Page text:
Government has signed a €28.4 million grant agreement with the European Union (EU) and KFW of the Federal Republic of Germany to finance the sustainable access to electricity in the southern region of Zambia.
And German Embassy Head of Cooperation Dr Christoph Ritz says the project is expected to make more power available for distribution to both households and businesses as well as allow feed-in additional renewable energies to the grid.
Speaking at the signing in ceremony in Lusaka, Tuesday, Finance Minister Margaret Mwanakatwe said support to the energy sector is essential to ensuring access to clean safe, reliable and affordable energy at the lowest cost.
“Through the signing of this grant agreement, that you have just witnessed, KFW will provide a grant of €18.0 million, or K211 million equivalent, to finance the ‘sustainable access to electricity in southern division component’ project and the EU, through KFW, will provide a grant of €10.4 million, or K122 million equivalent, for the implementation of the ‘access component’ project to be implemented by Zesco. The Zambian government has committed itself to grow and diversify the energy sector by expanding power generation and transmission capabilities as espoused in the Seventh National Development Plan (7NDP). Support to this sector is essential to ensuring universal access to clean, safe, reliable and affordable energy at the lowest cost consistent with Zambia’s national development aspirations, as well as the United Nations Sustainable Development Goals,” Mwanakatwe said.
She said the funds will go towards rehabilitation and reinforcement of selected power transmission and distribution infrastructure in the region because the existing infrastructure to serve the current electricity load is insufficient.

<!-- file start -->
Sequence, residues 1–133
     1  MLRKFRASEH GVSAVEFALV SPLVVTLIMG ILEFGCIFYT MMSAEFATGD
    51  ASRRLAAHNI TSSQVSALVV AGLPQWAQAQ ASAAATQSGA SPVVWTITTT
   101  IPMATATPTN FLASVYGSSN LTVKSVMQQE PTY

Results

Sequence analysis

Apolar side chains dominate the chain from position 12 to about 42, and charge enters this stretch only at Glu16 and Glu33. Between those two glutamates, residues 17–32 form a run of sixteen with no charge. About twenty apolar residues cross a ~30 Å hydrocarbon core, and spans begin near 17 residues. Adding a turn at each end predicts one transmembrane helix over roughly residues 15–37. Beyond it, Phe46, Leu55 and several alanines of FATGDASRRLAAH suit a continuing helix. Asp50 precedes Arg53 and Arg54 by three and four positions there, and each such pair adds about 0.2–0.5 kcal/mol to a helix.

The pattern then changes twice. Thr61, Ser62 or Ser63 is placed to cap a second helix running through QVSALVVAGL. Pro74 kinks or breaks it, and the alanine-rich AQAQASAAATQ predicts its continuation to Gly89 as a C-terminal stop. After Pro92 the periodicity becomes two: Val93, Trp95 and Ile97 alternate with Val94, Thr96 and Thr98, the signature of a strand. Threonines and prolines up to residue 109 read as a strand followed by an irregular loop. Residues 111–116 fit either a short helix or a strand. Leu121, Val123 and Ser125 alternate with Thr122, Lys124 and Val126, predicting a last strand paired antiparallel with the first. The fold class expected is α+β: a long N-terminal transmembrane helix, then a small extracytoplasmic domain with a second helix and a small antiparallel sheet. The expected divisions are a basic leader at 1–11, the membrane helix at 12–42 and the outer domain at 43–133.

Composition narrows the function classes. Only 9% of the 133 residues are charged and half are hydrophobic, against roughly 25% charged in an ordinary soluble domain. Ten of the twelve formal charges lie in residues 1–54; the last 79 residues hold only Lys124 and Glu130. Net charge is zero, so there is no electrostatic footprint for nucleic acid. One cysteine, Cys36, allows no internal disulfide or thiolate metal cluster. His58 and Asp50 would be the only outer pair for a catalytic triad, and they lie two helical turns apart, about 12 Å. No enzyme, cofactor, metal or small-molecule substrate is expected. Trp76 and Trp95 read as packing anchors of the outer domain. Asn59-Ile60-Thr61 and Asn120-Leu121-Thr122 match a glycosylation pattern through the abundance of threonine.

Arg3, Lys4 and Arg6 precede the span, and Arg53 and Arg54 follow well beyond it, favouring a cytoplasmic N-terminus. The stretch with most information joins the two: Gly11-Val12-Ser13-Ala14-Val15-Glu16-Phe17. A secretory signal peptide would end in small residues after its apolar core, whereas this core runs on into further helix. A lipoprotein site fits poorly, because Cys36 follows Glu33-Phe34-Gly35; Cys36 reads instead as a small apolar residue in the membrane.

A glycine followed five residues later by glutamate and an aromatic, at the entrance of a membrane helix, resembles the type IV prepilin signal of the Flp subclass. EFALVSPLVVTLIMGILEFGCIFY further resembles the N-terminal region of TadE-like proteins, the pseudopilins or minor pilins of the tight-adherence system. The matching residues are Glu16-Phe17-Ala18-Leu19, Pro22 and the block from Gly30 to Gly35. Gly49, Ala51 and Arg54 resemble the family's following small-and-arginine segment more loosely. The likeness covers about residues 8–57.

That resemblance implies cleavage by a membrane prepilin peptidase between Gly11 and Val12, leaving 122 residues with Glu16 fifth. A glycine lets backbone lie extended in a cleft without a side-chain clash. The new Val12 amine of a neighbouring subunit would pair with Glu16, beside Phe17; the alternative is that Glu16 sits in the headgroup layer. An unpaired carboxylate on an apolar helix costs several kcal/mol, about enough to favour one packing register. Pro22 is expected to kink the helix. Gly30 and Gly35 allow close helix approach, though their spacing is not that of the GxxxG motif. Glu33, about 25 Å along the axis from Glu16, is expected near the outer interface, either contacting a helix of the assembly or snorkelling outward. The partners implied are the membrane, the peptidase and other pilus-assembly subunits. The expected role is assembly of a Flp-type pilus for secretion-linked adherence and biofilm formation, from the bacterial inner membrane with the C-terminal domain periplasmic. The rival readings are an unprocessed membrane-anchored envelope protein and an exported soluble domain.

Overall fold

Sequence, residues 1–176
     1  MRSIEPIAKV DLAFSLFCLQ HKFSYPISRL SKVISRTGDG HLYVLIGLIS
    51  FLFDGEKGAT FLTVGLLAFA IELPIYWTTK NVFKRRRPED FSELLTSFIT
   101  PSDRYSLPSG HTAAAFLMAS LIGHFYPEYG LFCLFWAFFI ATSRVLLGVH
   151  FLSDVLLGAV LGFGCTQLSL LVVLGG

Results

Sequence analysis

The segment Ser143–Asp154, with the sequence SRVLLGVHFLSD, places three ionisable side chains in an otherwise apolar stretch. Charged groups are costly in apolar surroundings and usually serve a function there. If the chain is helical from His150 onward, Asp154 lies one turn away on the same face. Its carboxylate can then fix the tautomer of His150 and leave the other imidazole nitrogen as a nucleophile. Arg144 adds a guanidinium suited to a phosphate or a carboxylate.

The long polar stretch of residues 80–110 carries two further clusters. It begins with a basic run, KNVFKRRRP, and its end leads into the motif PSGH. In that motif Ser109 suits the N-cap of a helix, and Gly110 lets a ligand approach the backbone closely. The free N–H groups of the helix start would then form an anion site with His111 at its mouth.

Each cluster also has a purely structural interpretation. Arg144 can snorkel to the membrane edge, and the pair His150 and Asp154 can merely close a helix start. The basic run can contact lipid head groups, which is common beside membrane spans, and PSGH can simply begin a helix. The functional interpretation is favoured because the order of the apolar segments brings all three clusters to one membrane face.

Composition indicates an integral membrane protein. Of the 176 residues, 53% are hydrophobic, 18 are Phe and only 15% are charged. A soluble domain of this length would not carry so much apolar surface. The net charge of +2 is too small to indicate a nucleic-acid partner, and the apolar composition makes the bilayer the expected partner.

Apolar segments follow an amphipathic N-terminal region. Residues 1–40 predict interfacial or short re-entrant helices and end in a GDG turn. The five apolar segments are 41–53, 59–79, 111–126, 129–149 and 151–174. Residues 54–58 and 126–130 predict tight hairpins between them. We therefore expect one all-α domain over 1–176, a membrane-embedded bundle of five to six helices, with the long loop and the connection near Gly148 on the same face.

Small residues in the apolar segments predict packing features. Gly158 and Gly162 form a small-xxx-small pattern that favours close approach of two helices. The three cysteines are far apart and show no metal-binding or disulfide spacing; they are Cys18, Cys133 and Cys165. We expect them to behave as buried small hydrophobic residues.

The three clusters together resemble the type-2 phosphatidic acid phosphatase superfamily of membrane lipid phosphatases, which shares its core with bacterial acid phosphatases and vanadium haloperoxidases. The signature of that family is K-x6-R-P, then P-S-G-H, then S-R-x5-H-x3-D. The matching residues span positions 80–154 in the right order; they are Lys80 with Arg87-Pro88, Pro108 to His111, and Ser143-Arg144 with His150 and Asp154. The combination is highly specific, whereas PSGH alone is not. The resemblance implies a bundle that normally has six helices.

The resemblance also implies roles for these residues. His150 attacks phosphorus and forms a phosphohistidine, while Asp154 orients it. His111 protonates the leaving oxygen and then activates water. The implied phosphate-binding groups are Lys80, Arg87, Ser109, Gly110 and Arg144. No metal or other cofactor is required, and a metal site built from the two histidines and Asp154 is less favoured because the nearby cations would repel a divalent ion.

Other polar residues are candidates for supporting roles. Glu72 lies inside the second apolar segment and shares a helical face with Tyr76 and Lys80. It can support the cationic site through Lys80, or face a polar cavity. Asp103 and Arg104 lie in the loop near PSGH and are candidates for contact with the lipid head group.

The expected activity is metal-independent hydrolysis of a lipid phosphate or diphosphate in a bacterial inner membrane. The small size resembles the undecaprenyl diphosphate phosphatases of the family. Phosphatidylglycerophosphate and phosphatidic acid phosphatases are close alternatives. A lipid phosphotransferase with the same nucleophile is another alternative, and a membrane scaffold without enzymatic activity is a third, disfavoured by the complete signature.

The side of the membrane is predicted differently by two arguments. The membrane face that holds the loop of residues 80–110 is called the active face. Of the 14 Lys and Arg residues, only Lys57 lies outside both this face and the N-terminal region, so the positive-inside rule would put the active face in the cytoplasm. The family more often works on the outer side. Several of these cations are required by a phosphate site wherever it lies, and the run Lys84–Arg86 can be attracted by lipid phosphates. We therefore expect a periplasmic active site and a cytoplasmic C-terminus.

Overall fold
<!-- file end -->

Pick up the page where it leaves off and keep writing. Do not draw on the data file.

“Through the ‘sustainable access to electricity in ‘southern division component’ project and ‘access component’ project, as a result of this grant agreement that we have just signed; firstly, you may wish to know that, a large part of the transmission and distribution network in this service area still dates from the pre-Independence-era, and the capacity of the existing infrastructure to serve the current load is insufficient. In this regard, these funds will [go] towards the rehabilitation and reinforcement of selected power transmission and distribution infrastructure in the southern division of Zambia,” Mwanakatwe explained.
“Secondly, through the rehabilitation and reinforcement of the grid, the project will improve security of supply, reduce power losses and enhance energy efficiency in the system. Consequently, more power will be available for distribution and more households and productive users will be connected. Lastly, under the ‘access component’ project, these funds will be used to connect small businesses and households in areas currently not connected to the national grid, but are located in the vicinity of the project region.”
Mwanakatwe further explained how the projects will be financed.